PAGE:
The breeding stock (broiler-breeders) grow to maturity and beyond but also have welfare issues related to the frustration of a high feeding motivation and beak trimming. Broilers are usually grown as mixed-sex flocks in large sheds under intensive conditions,

Feeding and feed conversion:

Chickens are omnivores and modern broilers are given access to a special diet of high protein feed, usually delivered via an automated feeding system. This is combined with artificial lighting conditions to stimulate eating and growth and thus the desired body weight.

In the U.S. in 2011, the average feed conversion ratio of a broiler was 1.91 pounds of feed per pound of live weight.

Naked Neck

The Transylvanian Naked Neck is often called Turken. Despite the name, these fowl are necessarily from Transylvania or a it happens Romania since they are found in places around Europe and the Middle East. The Naked Neck has been found in Romania since 1918. Some people think it is a cross between a chicken and a turkey because of the unfeathered area on the neck.

The Transylvanian Naked Neck is a dual-purpose bird for eggs (shell Tinted Brown )and meat. Standard weights Cocks: 3.20 – 3.60 kg; Hen: 2 – 2.5 kg

The Transylvanian Naked Neck has a very interesting appearance with the absence of neck feathers or hackles. This is cause by a genetic mutation that has been seen in Romania for hundreds of years. The gene creates an abundance of a feather deter called BMP12. It can be easily introduced into any breed. This creates the featherless skin. This skin turns red when exposed to the sun, further paralleling the turkey. Turkens have no feathers on a broad band between the shoulders and the base of the skull. They also have a reduced number of feathers on their bodies but this is not evident until the bird is handled. Turkens should be given protection from extremely cold temperatures as they have far less insulation than their normally feathered cousins. This characteristic is a novel feature that does not detract from the utility of the bird. The Naked Neck has a single red comb. The hens have been known to go broody.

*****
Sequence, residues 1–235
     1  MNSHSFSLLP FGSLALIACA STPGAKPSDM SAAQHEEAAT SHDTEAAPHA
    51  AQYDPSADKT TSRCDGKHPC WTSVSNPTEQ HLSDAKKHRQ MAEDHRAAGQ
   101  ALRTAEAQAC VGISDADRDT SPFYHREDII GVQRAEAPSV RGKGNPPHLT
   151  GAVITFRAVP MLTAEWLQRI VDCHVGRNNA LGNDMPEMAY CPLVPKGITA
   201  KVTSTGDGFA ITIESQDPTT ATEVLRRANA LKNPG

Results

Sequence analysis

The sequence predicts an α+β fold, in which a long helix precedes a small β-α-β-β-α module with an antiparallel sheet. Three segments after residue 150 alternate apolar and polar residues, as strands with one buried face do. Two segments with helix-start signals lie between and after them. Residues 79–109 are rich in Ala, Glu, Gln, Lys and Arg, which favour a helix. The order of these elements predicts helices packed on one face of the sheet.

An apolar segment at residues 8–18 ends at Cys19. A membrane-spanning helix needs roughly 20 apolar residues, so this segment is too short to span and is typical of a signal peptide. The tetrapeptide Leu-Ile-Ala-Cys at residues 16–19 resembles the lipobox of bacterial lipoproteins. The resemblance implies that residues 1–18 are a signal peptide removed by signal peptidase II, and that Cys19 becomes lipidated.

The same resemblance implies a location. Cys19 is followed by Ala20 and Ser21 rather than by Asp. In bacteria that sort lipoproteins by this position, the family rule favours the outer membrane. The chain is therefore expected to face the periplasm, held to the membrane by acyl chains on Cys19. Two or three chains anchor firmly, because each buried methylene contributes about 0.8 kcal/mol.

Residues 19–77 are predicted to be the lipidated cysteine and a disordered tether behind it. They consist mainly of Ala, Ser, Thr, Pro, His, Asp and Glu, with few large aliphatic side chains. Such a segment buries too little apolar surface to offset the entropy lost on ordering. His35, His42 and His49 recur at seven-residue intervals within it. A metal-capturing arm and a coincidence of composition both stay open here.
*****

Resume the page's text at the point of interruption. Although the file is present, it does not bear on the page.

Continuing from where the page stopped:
The mulard (or moulard) is a domestic duck hybrid of Pekin and muscovy ducks. The mulard, therefore, is not just a hybrid between differentf species, but between different genera: the muscovy is (Cairina moschata) whereas the Pekin (Anas platyrhynchos domestica) is descended from the mallard (Anas platyrhynchos). Like many inter-specific F1 hybrids, mulards are sterile and are commonly called “mule ducks”. They can be propagated by mating male muscovies with female pekins, but most are produced by artificial insemination.

Contact Us

You can order premium meats directly from our online store. To inquire about buying Sensa Agri livestock or get in touch with us for any other reason, you can use this contact form — or simply give us a call. We're looking forward to hearing from you.

Richard Belcher

Amanda Belcher